So, a clever thing happened before I’d even started playing the game which has me on Spoiler Protection Alert, and thus rather ill-placed to say useful things about Extrasolar. Added to that is that this planetary exploration game itself plays in real-time, which means I need to wait several hours for my interstellar rover to trek across miles of alien terrain before I can usefully report back on the unfolding adventure. Which does, of course, mean I’ve spent far too much of today starting a timer in a browser window, desperate to see what’s going to happen when it reaches zero.
Extrasolar is free, though optional paid upgrades are available. You should sign up while you wait for me to file a longer report. Though I do believe there are limited spaces. Perhaps you’ll find a way to get in anyway.
Extrasolar is – or at least, I think Extrasolar is – a game about sending remote orders to a rover exploring the surface of a distant planet known as Epsilon Prime. You’re in the employ of the eXoplanetary Research Institute (XRI), a private organisation trying to achieve what NASA cannot. It is seeking life on other worlds. This entails its crowd-sourced employees sending their rovers all over the place and photographing what they come across, to be sent back to XRI for analysis. This takes rather a long time, because it it science, not action-adventure. The thrill, I hope, is in the anticipation, but again I have some time to go before I can usefully report back on what this experience really is.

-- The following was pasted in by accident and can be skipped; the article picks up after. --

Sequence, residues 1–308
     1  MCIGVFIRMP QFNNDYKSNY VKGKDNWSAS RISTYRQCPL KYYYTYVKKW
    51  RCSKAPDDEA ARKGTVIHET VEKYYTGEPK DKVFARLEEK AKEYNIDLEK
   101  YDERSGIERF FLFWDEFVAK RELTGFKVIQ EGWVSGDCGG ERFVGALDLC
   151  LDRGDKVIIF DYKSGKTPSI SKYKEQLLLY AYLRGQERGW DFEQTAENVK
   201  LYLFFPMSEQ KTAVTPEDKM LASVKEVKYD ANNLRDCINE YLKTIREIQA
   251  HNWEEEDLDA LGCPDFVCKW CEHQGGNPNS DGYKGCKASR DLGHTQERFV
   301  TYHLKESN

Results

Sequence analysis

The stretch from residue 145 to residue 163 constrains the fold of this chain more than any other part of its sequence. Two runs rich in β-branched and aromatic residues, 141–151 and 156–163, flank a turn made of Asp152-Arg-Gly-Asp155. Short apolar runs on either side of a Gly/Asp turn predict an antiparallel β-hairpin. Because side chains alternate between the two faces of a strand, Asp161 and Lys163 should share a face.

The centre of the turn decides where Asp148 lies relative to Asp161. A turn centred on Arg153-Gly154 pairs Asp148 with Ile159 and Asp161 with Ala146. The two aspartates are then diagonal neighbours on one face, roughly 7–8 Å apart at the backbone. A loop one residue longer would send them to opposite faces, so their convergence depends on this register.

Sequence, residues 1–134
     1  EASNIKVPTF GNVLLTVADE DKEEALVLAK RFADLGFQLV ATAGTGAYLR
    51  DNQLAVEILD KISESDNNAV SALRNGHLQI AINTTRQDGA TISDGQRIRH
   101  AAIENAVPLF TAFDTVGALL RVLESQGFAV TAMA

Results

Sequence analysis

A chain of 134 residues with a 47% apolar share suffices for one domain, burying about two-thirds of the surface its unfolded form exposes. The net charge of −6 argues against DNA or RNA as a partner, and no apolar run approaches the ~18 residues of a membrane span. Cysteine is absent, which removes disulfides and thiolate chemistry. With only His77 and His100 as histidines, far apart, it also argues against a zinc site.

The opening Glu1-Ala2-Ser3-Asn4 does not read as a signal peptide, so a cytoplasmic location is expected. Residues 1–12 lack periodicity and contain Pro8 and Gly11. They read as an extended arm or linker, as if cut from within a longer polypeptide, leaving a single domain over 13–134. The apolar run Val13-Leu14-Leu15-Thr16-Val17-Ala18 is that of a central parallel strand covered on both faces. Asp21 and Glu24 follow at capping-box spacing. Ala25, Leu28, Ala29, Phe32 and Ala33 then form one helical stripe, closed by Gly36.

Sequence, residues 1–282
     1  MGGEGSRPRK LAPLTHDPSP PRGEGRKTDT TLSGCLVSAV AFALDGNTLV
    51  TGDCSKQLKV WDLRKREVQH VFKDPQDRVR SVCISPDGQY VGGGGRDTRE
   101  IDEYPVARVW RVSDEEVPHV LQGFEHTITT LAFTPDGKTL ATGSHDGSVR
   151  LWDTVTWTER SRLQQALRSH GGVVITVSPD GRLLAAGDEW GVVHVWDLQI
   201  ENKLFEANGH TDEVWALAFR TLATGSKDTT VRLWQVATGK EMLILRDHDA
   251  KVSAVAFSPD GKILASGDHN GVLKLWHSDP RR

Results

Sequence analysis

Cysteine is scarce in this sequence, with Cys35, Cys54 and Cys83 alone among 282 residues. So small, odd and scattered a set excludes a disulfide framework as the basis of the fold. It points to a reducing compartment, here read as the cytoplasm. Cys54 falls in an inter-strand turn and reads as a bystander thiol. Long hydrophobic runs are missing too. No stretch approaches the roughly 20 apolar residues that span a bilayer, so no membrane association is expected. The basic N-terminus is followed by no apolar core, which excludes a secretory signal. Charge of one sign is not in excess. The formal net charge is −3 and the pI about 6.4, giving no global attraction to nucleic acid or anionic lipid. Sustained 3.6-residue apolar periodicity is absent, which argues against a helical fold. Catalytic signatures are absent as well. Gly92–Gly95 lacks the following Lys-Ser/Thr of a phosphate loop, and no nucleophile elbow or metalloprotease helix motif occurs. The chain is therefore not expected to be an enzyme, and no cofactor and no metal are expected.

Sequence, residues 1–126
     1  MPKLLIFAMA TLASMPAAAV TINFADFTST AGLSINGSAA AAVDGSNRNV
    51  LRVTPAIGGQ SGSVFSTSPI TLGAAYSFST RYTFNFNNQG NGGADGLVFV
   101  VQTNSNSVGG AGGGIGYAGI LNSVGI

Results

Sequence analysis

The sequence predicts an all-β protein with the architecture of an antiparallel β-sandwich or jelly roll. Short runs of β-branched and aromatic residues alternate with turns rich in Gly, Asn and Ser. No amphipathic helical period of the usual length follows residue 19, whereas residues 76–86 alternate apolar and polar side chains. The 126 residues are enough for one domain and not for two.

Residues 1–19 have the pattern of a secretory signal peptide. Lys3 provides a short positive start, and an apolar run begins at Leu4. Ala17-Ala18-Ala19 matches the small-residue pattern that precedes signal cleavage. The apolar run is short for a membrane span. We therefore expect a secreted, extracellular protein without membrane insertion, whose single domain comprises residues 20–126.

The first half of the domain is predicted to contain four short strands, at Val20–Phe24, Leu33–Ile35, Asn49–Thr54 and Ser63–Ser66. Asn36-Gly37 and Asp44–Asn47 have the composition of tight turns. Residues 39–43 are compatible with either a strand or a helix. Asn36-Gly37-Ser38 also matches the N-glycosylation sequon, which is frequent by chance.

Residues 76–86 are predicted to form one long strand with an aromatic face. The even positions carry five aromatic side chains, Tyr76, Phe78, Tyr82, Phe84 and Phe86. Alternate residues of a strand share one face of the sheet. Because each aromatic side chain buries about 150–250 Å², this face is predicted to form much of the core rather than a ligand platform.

In the meantime, you will receive messages from people inside and outside XRI. There are hints that there is more than meets the eye to all this. There are hints that, behind the slow, careful exploration and photography aspect, this is also an ARG. I shall report back, later. My rover arrives at its first destination in four minutes. What then? What then?
Probably not a lot. Probably, I will receive a photograph of an alien landscape, if I’m lucky with alien plantlife in it. And yet, somehow I’m extremely excited.
Here are some scene-setting videos, but they purposefully reveal little.
More soon. Meanwhile, see if Extrasolar is currently accepting any new explorers. Again, it’s free, though you can optionally pay to upgrade the photographic capabilities of your rover (I’ve yet to ascertain how useful that will actually be, however).